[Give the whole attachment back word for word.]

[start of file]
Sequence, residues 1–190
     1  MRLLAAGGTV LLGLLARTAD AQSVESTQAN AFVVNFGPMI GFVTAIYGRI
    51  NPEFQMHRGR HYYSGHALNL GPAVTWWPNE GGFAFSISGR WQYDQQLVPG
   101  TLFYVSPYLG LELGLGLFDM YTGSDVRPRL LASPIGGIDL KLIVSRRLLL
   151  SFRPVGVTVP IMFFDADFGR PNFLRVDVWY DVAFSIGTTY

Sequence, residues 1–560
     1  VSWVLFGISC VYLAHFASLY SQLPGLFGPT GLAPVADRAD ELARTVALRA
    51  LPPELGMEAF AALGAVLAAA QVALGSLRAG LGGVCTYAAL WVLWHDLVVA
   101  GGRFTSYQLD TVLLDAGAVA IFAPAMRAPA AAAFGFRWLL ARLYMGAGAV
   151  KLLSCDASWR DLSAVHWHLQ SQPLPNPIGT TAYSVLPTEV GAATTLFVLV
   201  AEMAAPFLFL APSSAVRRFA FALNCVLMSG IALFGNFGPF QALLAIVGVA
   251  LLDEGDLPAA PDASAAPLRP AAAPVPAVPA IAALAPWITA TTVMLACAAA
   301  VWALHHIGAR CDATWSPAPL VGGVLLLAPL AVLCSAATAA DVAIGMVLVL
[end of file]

Sequence, residues 1–190
     1  MRLLAAGGTV LLGLLARTAD AQSVESTQAN AFVVNFGPMI GFVTAIYGRI
    51  NPEFQMHRGR HYYSGHALNL GPAVTWWPNE GGFAFSISGR WQYDQQLVPG
   101  TLFYVSPYLG LELGLGLFDM YTGSDVRPRL LASPIGGIDL KLIVSRRLLL
   151  SFRPVGVTVP IMFFDADFGR PNFLRVDVWY DVAFSIGTTY

Sequence, residues 1–560
     1  VSWVLFGISC VYLAHFASLY SQLPGLFGPT GLAPVADRAD ELARTVALRA
    51  LPPELGMEAF AALGAVLAAA QVALGSLRAG LGGVCTYAAL WVLWHDLVVA
   101  GGRFTSYQLD TVLLDAGAVA IFAPAMRAPA AAAFGFRWLL ARLYMGAGAV
   151  KLLSCDASWR DLSAVHWHLQ SQPLPNPIGT TAYSVLPTEV GAATTLFVLV
   201  AEMAAPFLFL APSSAVRRFA FALNCVLMSG IALFGNFGPF QALLAIVGVA
   251  LLDEGDLPAA PDASAAPLRP AAAPVPAVPA IAALAPWITA TTVMLACAAA
   301  VWALHHIGAR CDATWSPAPL VGGVLLLAPL AVLCSAATAA DVAIGMVLVL